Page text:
We’re still waiting with baited breath for AMD’s Polaris architecture to hit the laptop world, but in the meantime Nvidia is steaming ahead and getting Pascal into the hands of the big players. This month we’ve already reviewed a dual GeForce GTX 1080 beast, but MSI’s brand new GT73VR opts for just a single GTX 1080. Let’s just say the results are not disappointing, despite this drop in component prowess.
Given the lower power requirements of Nvidia’s new Pascal architecture, we’re a little surprised at the size of these first Pascal-powered behemoths. Weighing 4.14kg it’s your usual gaming behemoth, and not the kind of machine that will build a reputation for mobility. Funnily enough, MSI promotes the fact that it’s the thinnest 17.3-inch gaming laptop on the market, measuring just 446mm. Despite the uber-powerful GPU within, MSI has gone for a 1080p screen, measuring 17.3 inches, a surprising decision. We’d have figured something a bit higher would be a good fit for the GeForce GTX 1080, but at least you can rest assured any game you throw at this beast will run with ease at this resolution. It’s a 120Hz monster though, so you’re going to get some severely smooth frame rates once that 1080 kicks into high gear. MSI has wisely chosen to go the IPS route, delivering excellent image quality, though the 5ms grey-to-grey pixel response time is a little on the high side. There is the option to upgrade to a 4K panel if you like, but we don’t think the GeForce GTX 1080 has quite enough oomph.
As our review from this month’s Metabox Prime-X revealed, the mobile GeForce GTX 1080 is basically identical to the desktop component with a couple of minor frequency drops. But they’re so minor that you’re basically getting the same performance as a full desktop machine, which is a revolution in mobile performance.
There is the option to upgrade to a 4K panel if you like, but we don’t think the GeForce GTX 1080 has quite enough oomph.
Delivering data to the GeForce GTX 1080 is Intel’s Core i7-6820HK processor – don’t worry, we hadn’t heard of it either. This quad-cored CPU includes HyperThreading, and has a maximum Turbo speed of 3.6GHz. It only has a maximum TDP of 45W, so when compared with the 1080’s TDP of 150W, we’ve got a relatively cool machine on offer, which should lead to lower fan noise and fewer concerns with it acting as a heater during the winter.
MSI has gone for a generous 32GB of memory, while a single 512GB NVMe SSD is included for the fastest possible data access. You can swap this out for two M.2 SSDs in RAID 0. Of the 512GB, only 475GB is usable, but that’s still a hefty amount once you throw in the OS and about ten of your favourite games. There’s also a 1TB mechanical drive included for your media files and less-important games. We’ve seen Killer products showing up in more laptops of late, and this machine is no exception. Killer’s DoubleShot Pro has been put to use to deliver Gigabit Ethernet, along with 802.11ac.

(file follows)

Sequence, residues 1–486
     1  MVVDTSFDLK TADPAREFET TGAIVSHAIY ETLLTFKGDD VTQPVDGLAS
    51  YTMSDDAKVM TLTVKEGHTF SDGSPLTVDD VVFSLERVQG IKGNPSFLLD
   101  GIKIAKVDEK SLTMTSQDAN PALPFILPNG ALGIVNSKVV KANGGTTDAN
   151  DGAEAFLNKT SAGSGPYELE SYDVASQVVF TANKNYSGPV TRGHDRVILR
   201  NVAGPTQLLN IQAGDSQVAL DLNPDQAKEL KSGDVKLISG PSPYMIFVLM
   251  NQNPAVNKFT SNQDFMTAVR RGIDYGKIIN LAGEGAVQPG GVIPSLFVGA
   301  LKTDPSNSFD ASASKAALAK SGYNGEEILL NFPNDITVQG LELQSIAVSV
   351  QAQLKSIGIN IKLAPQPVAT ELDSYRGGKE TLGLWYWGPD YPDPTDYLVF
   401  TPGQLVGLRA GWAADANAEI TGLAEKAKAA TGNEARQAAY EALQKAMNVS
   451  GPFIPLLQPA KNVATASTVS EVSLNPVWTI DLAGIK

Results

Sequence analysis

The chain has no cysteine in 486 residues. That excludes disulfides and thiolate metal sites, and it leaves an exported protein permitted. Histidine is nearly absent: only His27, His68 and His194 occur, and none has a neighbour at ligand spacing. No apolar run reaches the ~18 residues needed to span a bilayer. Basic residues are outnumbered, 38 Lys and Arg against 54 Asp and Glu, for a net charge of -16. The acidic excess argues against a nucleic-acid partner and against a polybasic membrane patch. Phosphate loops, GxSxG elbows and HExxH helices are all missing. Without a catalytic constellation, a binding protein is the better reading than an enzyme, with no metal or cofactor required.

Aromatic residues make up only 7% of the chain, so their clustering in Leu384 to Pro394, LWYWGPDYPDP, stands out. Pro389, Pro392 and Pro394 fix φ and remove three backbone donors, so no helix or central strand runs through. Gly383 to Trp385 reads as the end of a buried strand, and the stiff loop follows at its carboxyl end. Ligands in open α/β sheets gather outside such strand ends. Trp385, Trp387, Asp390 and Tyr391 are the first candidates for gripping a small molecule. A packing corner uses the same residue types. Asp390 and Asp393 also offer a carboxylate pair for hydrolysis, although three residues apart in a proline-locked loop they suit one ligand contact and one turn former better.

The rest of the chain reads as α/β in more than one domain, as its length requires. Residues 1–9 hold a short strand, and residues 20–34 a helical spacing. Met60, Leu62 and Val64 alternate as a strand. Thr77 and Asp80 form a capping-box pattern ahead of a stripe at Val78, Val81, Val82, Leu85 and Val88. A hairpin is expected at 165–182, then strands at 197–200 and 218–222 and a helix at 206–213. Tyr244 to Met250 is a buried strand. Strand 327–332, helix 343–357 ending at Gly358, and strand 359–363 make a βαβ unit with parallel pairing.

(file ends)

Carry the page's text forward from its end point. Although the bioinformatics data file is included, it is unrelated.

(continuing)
Connectivity is provided by five USB 3.0 Type-A connectors, along with a single USB 3.0 Type-C. HDMI 2.0 out is also a welcome inclusion, delivering 4K @ 60Hz, making this a great machine to hook up to your 4K TV.
So, how does a single GeForce GTX 1080 compared to two of them, as well as the GeForce GTX 1070? Remarkably close to an SLI configuration to be true. Where the twin 1080 MetaBox Prime-X scored 23106 in Fire Strike, the MSI machine managed a rather close 15198, only 25% slower despite the halving in GPU power. Our other benchmarks show similar drops in performance, with the exception of Shadow of Mordor, which doesn’t play nicely with SLI, helping MSI’s machine leave it eating its dust.
As you can see, the drop from twin GeForce GTX 1080s to one hasn’t had a huge impact on performance. It’s certainly not in the same 4K leagues as the Metabox Prime-X; but it’s also two grand cheaper, and with a 120Hz 1080p screen more than fast enough to play basically any game you can think of (Well, maybe not Star Citizen’s beta…). That’s not to say that this is a cheap laptop by any means – if you want the latest in Nvidia hardware, prepare for your bank account to get burned. There’s also the fact it’s a single GPU machine, so there will never be any SLI quirks. But overall, MSI has delivered a traditional desk-bender of a gaming machine, powered by the latest and greatest in every area.